Blessed are the whistleblowers

12 Comments

Bradley Manning offical photo, in uniform standing in front of an American flagMy grandfather fought in France and Belgium during the First World War. He was 23, and in the artillery, which fact rendered his experiences long-distance and comparatively impersonal. He did what he was told to do, came safely home, and then never talked much about his war.

My father was a veteran of the Second World War, and also only 23 when he took part in an amphibious landing on Borneo, the horrifying details of which my brother learned only a month or two before Dad's death at the age of 89. Having somehow got safely off the beach, Dad became forward scout in the jungle, and would later occasionally recall a few hair-raising moments, sufficient to make siblings and self realise we had had a very good chance of never experiencing the vicissitudes of this vale of tears.

I don't recall these stories in detail, but I do recall my mother telling me what Dad had said to her. If you knew what I had to do under orders, you would leave me. She didn't want to leave him; she never asked. 

My second son has been in the Greek Army for nearly 20 years; he was 19 when he joined up. Duty in the Bosnia of 1997, when he, too, was 23, was bad enough, but he has not seen active service. Thank God. 

I initially tried to talk him out of the army idea. 

'What will you do if you receive orders that go against your conscience?'

'I'll worry about that when the time comes.' 

The reply of a very young man, one who had yet to learn that the whole of life is a learning curve, and that many a googly will be bowled at us before we are done.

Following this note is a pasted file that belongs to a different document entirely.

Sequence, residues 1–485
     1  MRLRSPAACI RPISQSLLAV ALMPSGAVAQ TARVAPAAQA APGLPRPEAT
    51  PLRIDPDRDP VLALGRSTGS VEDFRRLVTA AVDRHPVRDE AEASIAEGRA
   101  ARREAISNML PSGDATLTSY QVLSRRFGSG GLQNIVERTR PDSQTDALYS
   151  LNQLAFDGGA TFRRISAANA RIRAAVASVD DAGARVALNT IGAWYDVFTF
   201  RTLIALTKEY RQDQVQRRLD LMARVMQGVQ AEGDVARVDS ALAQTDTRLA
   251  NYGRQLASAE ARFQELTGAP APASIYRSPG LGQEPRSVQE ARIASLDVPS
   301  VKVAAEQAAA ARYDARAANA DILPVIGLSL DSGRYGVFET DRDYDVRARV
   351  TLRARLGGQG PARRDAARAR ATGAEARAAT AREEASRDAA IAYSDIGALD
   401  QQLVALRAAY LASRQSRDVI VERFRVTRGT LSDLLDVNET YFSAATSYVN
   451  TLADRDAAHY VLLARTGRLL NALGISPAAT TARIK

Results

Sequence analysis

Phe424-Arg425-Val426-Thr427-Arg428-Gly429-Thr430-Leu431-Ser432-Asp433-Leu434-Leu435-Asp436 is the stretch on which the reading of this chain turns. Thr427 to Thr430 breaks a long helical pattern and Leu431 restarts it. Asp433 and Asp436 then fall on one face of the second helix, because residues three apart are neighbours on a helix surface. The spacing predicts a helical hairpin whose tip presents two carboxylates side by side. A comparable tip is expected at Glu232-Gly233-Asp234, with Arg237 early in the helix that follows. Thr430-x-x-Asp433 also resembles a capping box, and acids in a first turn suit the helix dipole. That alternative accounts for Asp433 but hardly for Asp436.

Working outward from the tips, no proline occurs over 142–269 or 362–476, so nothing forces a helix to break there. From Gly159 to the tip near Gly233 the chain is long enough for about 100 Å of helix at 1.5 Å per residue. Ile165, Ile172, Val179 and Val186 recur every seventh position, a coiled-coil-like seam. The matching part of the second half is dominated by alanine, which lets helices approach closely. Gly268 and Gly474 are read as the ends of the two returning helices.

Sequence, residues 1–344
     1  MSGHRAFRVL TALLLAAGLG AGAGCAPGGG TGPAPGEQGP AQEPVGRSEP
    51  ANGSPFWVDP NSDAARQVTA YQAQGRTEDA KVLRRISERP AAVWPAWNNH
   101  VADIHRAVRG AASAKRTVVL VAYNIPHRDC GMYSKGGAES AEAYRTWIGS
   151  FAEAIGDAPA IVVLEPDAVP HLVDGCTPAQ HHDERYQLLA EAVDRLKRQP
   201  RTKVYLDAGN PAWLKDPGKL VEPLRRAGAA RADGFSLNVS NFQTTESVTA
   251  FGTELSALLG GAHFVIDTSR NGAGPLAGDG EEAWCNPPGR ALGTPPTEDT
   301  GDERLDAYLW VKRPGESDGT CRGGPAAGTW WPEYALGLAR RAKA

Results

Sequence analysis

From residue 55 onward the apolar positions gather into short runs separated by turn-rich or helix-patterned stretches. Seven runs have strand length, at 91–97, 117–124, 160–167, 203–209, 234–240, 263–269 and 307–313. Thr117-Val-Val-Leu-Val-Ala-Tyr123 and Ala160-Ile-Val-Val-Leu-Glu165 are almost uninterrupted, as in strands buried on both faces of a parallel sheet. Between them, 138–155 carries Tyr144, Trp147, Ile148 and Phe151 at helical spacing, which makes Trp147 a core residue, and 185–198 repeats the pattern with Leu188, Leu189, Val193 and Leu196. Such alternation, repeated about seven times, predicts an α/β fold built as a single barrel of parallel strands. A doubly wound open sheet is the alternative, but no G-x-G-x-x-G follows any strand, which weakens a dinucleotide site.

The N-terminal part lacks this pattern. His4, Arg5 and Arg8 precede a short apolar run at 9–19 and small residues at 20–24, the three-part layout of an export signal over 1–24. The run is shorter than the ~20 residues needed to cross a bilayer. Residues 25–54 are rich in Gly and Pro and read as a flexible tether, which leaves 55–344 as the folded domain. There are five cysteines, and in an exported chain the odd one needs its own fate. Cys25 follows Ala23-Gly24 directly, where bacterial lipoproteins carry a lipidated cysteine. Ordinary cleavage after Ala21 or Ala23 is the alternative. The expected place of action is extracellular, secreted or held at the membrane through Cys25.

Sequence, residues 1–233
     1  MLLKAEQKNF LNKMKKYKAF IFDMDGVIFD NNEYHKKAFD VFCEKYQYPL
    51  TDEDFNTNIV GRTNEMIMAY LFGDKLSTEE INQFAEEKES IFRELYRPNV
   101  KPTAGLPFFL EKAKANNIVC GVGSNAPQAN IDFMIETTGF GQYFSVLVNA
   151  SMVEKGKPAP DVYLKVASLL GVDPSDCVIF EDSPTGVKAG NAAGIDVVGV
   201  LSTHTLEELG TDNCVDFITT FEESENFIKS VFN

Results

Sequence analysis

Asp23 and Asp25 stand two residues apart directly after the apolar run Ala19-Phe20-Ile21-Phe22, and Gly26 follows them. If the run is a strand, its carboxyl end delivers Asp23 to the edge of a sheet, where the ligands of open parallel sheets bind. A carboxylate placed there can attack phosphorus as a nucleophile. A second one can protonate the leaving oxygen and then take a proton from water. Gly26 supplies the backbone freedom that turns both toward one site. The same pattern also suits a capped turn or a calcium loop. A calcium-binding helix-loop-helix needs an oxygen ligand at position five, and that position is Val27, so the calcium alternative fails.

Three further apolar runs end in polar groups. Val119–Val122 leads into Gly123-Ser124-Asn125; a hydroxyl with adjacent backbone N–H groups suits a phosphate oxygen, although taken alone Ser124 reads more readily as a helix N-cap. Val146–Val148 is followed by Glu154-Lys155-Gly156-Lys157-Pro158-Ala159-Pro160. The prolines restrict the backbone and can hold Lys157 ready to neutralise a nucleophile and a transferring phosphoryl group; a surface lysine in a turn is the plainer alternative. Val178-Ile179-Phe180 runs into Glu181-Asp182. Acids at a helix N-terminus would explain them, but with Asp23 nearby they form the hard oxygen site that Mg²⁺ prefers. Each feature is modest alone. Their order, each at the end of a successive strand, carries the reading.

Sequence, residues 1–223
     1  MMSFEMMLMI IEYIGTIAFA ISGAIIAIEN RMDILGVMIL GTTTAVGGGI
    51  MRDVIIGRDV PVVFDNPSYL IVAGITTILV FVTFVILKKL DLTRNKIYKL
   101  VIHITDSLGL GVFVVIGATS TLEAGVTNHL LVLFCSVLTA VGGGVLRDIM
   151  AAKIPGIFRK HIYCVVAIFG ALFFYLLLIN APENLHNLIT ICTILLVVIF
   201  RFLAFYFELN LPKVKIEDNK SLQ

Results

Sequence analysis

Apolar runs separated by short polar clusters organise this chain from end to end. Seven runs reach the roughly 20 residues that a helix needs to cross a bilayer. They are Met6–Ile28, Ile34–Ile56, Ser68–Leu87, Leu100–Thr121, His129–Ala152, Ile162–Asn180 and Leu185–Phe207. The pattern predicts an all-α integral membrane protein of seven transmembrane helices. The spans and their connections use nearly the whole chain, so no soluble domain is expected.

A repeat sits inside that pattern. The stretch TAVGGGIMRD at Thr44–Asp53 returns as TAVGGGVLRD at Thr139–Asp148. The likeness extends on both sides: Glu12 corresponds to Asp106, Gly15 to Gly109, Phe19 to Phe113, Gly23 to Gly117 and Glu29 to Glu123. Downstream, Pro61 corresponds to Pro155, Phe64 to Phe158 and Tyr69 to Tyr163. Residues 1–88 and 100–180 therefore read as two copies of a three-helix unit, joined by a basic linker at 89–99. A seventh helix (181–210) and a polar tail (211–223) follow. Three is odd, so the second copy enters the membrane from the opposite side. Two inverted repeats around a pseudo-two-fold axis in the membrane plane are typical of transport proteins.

'It'll be too late then.'

I had to accept, though, that there was nothing I could do.

*****

I remain interested in matters military, and was bemused by the fact that Bradley Manning was sentenced to 35 years in prison for releasing evidence of US army atrocities into the public domain. The people who committed these crimes have received sentences that are almost ludicrous in their lightness. Manning has said he did not want to harm or betray his country, but followed his conscience in making shocking acts known to the world. His orders, however, involved secrecy, and President Obama, a lawyer himself, has stated that Manning broke the law.

There is a case, however, for breaking laws that are dubious. And for disobeying orders of a similar kind.

Legal minds have given a great deal of attention to the concept of Superior Orders, which became so important at the time of the post-war Nuremberg Trials that a significant ruling became known as the Nuremberg Defence. Nazi war criminals pleaded that they had been only obeying orders, but the ruling disallowed this plea: 'The fact that a person acted pursuant to the order of his Government or of his superior does not relieve him of responsibility under international law, provided a moral choice was in fact possible to him.'

Manning clearly felt that a moral choice was possible. He made that choice, and started suffering for it at least three years ago. And will continue to suffer, unless he receives a presidential pardon.